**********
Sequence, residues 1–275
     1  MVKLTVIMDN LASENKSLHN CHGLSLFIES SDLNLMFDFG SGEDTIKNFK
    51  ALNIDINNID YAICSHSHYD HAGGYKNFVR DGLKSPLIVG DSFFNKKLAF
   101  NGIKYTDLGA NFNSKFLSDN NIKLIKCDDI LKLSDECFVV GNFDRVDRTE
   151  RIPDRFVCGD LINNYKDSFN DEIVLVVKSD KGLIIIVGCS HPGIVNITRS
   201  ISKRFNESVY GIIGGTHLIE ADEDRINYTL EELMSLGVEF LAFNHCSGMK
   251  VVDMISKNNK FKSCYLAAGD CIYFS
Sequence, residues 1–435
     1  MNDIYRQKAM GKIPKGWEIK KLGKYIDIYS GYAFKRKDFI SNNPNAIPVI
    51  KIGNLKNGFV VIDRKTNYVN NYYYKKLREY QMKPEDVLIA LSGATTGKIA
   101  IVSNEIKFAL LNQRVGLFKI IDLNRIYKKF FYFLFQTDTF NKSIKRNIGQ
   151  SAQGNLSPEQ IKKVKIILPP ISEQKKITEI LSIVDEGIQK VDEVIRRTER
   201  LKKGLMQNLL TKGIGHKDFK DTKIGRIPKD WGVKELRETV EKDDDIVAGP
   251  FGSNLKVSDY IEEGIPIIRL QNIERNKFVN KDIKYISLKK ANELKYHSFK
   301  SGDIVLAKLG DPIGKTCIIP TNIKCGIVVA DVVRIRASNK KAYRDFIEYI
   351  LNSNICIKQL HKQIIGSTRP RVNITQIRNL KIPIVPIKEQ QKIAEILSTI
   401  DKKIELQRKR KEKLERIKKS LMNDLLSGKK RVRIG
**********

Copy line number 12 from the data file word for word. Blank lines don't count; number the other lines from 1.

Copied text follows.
   151  SAQGNLSPEQ IKKVKIILPP ISEQKKITEI LSIVDEGIQK VDEVIRRTER